across the line from conceivable to plausible,” or “their complaint must be dismissed” for
failure to state a claim upon which relief can be granted. Bell Atlantic Corp. v. Twombly,
550 U.S. 544, 570 (2007); see also Ashcroft v. Iqbal, 556 U.S. 662, 678 (2009) (“A claim
has facial plausibility when the plaintiff pleads factual content that allows the court to draw
the reasonable inference that the defendant is liable for the misconduct alleged.”).
Regardless of whether a plaintiff is represented or is appearing pro se, the plaintiff’s
complaint must allege specific facts sufficient to state a claim. See Martin v. Sargent, 780
F.2d 1334, 1337 (8th Cir. 1985). However, a pro se plaintiff’s allegations must be
construed liberally. Burke v. North Dakota Dep’t of Corr. & Rehab., 294 F.3d 1043, 104344 (8th Cir. 2002) (citation omitted).
DISCUSSION OF CLAIMS
In evaluating Plaintiff’s claims, the court must determine whether subject-matter
jurisdiction is proper. See Fed. R. Civ. P. 12(h)(3) (“If the court determines at any time that
it lacks subject-matter jurisdiction, the court must dismiss the action.”). Furthermore, the
plaintiff must sufficiently state a claim for relief that contains “a short and plain statement
of the grounds for the court’s jurisdiction, unless the court has jurisdiction and the claim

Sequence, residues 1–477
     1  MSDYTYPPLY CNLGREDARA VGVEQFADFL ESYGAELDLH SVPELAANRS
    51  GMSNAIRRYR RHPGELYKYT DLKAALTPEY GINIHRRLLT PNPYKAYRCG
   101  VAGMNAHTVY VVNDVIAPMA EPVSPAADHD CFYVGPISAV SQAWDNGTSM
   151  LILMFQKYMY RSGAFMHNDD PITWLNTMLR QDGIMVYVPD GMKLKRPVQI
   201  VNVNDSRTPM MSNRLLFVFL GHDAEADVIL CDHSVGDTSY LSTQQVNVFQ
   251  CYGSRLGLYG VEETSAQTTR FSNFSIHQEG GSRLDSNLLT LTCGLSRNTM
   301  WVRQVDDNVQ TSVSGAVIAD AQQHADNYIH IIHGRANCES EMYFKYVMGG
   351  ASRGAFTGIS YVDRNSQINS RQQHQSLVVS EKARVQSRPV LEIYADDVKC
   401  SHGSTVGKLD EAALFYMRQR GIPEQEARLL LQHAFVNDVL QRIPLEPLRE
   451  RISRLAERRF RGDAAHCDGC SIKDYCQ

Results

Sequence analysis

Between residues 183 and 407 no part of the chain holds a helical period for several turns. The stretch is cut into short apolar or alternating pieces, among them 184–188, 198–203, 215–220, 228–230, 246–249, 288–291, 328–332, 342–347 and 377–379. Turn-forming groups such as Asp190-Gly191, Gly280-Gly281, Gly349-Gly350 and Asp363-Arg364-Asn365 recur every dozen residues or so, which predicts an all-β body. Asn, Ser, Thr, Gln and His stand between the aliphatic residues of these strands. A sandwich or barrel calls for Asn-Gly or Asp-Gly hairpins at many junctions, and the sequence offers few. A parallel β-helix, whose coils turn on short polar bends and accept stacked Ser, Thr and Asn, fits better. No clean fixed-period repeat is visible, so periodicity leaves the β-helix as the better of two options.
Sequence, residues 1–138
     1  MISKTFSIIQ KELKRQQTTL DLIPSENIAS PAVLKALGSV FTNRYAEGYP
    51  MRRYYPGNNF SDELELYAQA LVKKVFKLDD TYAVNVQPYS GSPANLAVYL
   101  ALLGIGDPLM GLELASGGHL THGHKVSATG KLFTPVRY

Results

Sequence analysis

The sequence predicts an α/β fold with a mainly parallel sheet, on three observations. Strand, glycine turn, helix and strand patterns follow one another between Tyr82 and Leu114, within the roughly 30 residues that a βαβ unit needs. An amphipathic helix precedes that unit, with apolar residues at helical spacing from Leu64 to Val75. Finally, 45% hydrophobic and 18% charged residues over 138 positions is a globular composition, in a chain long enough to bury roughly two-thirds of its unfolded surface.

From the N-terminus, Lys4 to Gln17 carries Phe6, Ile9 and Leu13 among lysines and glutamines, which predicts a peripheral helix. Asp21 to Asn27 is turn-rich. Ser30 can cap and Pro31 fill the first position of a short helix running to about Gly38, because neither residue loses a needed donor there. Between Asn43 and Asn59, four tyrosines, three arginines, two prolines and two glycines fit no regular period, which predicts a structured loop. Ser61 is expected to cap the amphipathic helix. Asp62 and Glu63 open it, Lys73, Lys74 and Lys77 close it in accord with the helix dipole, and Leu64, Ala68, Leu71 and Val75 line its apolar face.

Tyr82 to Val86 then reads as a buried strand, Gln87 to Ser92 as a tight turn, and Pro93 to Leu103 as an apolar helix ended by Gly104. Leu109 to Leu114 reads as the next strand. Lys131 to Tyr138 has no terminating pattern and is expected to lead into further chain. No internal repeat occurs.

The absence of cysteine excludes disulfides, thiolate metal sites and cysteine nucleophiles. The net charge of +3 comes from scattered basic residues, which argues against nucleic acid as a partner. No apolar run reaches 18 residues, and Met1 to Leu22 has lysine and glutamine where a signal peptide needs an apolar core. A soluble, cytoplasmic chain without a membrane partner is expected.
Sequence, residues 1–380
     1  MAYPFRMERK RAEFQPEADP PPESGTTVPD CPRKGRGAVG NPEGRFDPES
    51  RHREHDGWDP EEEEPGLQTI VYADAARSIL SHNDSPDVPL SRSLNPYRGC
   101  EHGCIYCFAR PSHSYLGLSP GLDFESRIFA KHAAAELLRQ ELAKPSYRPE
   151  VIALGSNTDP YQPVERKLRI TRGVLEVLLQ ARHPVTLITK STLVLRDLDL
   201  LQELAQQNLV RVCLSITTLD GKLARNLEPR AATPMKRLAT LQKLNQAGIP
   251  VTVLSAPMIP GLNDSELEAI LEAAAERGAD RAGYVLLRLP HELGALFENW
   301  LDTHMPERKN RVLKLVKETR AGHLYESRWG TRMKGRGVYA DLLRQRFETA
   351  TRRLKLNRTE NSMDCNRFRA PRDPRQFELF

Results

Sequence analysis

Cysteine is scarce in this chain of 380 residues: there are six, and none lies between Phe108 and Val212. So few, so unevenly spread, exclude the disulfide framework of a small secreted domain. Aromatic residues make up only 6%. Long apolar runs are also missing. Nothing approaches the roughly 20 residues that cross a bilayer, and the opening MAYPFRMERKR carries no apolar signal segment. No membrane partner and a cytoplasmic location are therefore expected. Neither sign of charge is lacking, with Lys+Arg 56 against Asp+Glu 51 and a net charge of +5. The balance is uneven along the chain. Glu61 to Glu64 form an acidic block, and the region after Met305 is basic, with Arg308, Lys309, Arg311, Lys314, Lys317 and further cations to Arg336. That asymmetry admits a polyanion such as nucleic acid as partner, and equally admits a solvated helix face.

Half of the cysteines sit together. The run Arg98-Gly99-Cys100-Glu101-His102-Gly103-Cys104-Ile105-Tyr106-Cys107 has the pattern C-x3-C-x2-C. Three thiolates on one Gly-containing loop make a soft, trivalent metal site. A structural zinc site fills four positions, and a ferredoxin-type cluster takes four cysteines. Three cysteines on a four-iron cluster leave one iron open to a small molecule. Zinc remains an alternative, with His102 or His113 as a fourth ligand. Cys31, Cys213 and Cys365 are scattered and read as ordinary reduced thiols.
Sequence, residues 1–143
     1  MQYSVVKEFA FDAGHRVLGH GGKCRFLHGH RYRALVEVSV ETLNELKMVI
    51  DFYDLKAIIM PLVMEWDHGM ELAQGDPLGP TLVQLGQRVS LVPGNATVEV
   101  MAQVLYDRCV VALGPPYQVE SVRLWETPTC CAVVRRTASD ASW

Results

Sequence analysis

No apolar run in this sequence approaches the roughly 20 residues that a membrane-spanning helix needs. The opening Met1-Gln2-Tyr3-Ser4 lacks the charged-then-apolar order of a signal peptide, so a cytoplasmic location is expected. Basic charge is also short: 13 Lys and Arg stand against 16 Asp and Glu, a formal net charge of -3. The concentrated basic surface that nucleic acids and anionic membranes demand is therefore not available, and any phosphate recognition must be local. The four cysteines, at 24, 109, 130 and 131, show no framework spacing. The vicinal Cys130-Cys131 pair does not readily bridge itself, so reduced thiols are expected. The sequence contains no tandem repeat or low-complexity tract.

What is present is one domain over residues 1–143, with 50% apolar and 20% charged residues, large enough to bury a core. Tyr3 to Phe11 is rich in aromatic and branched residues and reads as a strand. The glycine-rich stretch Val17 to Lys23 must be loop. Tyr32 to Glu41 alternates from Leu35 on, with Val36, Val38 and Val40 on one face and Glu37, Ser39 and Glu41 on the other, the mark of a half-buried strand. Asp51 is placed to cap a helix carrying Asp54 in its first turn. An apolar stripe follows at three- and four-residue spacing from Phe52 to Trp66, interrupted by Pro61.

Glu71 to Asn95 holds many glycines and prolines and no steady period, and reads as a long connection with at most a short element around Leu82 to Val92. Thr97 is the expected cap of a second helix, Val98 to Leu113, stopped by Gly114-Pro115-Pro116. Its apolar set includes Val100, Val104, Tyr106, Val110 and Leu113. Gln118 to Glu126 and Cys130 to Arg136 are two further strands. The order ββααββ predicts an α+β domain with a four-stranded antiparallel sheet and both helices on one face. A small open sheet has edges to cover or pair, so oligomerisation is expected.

needs no new jurisdictional support.” Fed. R. Civ. P. 8(a)(1). Here, Plaintiff alleged a
“[v]iolation of civil rights.” (See Filing No. 1 at CM/ECF p. 6.) However, as discussed
below, the court cannot determine whether jurisdiction is proper based on the information
set forth in the Complaint.
Diversity of Citizenship Jurisdiction
Subject-matter jurisdiction may be proper in federal court pursuant to 28 U.S.C. §
1332, commonly referred to as “diversity of citizenship” jurisdiction. For purposes of 28
U.S.C. § 1332, “diversity of citizenship” means that “the citizenship of each plaintiff is
different from the citizenship of each defendant.” Ryan v. Schneider Nat’l Carriers, Inc.,
263 F.3d 816, 819 (8th Cir. 2001) (citation omitted). In addition, the amount in controversy
must be greater than $75,000.00 for diversity of citizenship jurisdiction. 28 U.S.C. §
Here, Plaintiff has provided a Georgia address for herself and a Nebraska address
for Defendants. Thus, the citizens are diverse. However, the amount in controversy set
forth in the Complaint is not greater than $75,000.00. Thus, subject-matter jurisdiction is
not proper pursuant to 28 U.S.C. § 1332.
Federal Question Jurisdiction
Subject-matter jurisdiction is also proper where a plaintiff asserts “[a] non-frivolous
claim of a right or remedy under a federal statute,” commonly referred to as “federal